Seeds of an Idea Sprout in Community Project

Outlook's community garden looks to 2020 season

Part of the story is in the final numbers: 260 pounds of tomatoes, 300 pounds of carrots, 900 cobs of corn and 150 peppers. The other part is noting that this impressive haul of produce came thanks to the work of a group of volunteers who took an empty lot and turned it into Outlook’s first Community Garden.

Two local citizens, with a wealth of experience in food production, spearheaded a committee that undertook the effort. Connie Achtymichuk, Provincial Specialist, Vegetable Crops; and Garth Weiterman, Professional Agrologist, Water & Soils Specialist, and farmer; chaired the initial meetings to gauge public interest and begin gathering input and ideas.

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Weiterman looked at possible locations and Achtymichuk researched models used in other places. An offer of a site by Barrie Spigott gave the garden a location at 311 Selkirk Street, and the decision was made to grow vegetables collectively for distribution in large part through the food bank.

Before anything could be planted, a great deal of site preparation was undertaken by Spigott, Weiterman and Glen Annand as they hauled dirt, sprayed, rototilled, spread fertilizer, and picked rocks and roots.               

With the garden plot ready to go, a call was put out to volunteers and on May 23 there were 11 people who gathered to plant corn and carrots. The following week Connie & Ken Achtymichuk transplanted tomato plants.

Weiterman and Achytmichuk spent many hours carefully watering and tending the garden, as well as speaking to local businesses and the Town of Outlook about various needs the project had. Riverbend Coop and Outlook Rentals offered panels to fence the area, and the Town installed a separate water meter off the house located next door to the garden.

As the growing season progressed volunteers continued to water, weed and hoe what was shaping up to be a bountiful garden. Donations of tools from community residents were gratefully accepted, and the work continued including transplanting corn to fill in some gaps, general clean-up of the lot, mowing grass and careful care and watering of the plants. Weiterman put in many hours on many different days working on a drip irrigation system, and along with Annand’s help and some donated parts from Richard’s Home Hardware, had the vast majority of the garden drip irrigated by the middle of July.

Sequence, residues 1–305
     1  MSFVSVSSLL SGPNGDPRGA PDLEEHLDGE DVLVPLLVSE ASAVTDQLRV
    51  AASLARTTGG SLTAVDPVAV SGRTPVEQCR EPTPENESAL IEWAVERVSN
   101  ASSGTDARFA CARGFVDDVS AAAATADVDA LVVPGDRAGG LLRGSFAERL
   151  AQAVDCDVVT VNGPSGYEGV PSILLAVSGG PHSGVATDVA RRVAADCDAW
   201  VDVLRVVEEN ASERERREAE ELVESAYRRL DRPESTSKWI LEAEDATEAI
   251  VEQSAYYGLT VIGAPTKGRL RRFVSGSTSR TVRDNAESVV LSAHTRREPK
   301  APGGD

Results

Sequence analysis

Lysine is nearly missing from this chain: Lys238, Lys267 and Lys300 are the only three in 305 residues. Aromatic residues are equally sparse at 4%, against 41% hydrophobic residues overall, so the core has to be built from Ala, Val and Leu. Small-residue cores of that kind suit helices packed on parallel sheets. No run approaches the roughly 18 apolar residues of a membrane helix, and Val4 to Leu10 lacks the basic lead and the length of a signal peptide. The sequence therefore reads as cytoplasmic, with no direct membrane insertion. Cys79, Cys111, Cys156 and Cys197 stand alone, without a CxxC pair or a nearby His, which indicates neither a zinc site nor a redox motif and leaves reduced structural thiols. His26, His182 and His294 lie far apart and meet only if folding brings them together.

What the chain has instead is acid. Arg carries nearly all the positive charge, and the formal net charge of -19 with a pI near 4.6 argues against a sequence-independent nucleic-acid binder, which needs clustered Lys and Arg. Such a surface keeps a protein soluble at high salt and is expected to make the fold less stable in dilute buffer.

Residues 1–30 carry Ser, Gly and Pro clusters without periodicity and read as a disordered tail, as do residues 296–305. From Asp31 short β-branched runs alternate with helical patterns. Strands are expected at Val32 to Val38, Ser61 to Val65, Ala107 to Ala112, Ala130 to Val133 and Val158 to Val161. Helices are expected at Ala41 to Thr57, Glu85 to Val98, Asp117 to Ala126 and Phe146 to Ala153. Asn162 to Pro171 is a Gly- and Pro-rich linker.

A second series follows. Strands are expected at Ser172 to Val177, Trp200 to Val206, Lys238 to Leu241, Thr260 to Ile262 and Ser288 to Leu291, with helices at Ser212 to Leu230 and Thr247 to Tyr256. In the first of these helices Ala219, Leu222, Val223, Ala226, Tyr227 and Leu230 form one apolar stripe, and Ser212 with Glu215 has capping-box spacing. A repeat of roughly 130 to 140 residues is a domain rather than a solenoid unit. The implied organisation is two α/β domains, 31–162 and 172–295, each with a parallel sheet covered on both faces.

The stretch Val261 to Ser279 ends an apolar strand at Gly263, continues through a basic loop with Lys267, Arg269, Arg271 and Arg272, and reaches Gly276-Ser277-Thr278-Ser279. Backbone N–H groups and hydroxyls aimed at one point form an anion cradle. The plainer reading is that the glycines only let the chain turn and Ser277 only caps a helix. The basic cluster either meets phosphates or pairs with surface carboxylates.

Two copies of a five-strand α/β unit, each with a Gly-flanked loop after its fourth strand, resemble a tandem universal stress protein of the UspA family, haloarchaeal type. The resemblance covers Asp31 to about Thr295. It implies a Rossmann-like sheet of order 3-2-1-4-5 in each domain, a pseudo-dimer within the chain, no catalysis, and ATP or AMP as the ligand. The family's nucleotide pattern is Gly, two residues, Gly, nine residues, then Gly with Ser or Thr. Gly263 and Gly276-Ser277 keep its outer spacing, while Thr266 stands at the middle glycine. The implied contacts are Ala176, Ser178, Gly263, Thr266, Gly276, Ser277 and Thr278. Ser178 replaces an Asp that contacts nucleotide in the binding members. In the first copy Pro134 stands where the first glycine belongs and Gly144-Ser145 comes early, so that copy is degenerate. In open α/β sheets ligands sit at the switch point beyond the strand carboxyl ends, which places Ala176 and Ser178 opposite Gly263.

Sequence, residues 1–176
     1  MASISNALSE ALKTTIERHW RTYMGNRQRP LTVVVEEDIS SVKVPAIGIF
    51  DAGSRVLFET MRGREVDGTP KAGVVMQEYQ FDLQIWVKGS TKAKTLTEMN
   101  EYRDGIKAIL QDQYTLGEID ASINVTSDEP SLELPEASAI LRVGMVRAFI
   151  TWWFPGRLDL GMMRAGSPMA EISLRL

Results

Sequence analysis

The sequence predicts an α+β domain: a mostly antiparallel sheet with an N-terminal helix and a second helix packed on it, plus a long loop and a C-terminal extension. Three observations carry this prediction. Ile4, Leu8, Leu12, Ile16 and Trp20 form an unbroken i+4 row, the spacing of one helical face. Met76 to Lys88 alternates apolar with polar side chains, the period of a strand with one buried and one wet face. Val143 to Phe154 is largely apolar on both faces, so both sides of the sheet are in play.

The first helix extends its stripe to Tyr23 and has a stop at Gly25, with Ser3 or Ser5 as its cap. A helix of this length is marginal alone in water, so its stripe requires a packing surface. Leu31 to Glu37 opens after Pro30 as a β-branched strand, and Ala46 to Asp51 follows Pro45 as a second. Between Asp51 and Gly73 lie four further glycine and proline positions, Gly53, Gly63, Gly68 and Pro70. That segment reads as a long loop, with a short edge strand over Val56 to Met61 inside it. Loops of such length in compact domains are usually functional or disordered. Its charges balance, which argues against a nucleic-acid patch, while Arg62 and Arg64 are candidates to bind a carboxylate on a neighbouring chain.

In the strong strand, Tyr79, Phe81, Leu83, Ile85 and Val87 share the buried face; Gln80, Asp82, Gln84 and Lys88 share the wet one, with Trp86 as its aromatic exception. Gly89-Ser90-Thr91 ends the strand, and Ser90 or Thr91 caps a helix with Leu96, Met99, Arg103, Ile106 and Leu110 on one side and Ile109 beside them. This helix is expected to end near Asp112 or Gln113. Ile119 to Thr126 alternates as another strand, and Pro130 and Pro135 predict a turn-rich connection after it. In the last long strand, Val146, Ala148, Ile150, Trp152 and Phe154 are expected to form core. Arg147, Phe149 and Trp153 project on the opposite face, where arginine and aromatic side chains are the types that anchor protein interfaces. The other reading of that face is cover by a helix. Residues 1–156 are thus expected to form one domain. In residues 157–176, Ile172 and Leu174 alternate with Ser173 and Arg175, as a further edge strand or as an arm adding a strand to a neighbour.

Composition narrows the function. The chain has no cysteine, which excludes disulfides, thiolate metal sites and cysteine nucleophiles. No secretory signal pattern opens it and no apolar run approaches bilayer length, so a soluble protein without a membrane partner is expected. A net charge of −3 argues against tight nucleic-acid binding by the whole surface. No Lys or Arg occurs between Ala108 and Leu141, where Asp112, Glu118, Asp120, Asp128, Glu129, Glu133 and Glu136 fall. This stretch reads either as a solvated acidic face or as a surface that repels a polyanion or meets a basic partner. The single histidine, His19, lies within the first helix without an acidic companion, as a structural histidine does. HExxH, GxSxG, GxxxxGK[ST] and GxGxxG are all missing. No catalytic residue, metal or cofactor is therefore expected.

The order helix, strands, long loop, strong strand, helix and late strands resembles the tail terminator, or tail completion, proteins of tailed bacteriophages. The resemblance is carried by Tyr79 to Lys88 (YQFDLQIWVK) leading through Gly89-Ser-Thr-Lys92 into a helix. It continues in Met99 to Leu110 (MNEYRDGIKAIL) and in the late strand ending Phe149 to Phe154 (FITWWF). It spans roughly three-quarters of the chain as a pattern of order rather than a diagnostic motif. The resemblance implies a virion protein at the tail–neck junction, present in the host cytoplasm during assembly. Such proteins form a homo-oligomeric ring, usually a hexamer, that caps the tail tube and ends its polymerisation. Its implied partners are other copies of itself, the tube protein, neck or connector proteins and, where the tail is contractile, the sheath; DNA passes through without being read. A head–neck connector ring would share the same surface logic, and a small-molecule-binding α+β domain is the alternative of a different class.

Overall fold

An eager group of people met to take the first harvest from the garden on August 20, the first of several weekly harvests that saw the delivery of carrots, tomatoes and peppers to the food bank for distribution. Entire families joined in on the efforts on some of these evenings, not only working in the garden, but also helping to deliver the produce to the food bank. Week after week the totals grew and it even allowed the group to take tomatoes and corn to Luther Place, Golden Acres and the High Rise. Weiterman remarked, “Amazing for about 4,200 square feet!”

With hundreds of pounds of vegetables distributed and the growing season at its end, it was time to remove and roll up all the drip and header lines, remove the fencing, and take stock of what was a very successful inaugural community garden. It would not have happened had it not been for the expertise and vision of Achtymichuk and Weiterman, along with the individuals, families and businesses that showed their support at each phase of the project. At the start of this endeavor Connie Achtymichuk remarked this was about more than just a garden. She said, “I have a passion for gardening and would love to see this happen here. This is not only about growing our own food. This is more about building community.”

Given the number of people who came together to make this happen, who volunteered time and talents, provided inputs, and sweat alongside each other in this common goal, it truly was a garden for--and by--the community.

Building on the success of its first season, the committee is in the planning stages for the 2020 Community Garden. They will be exploring additional initiatives with a possible expansion of the work that took place this year. An organizational meeting will be held Tuesday, February 18, 7:00 pm in the Fireside Room at Bethlehem Lutheran Church for anyone interested in being part of Outlook’s Community Garden.

© The Outlook

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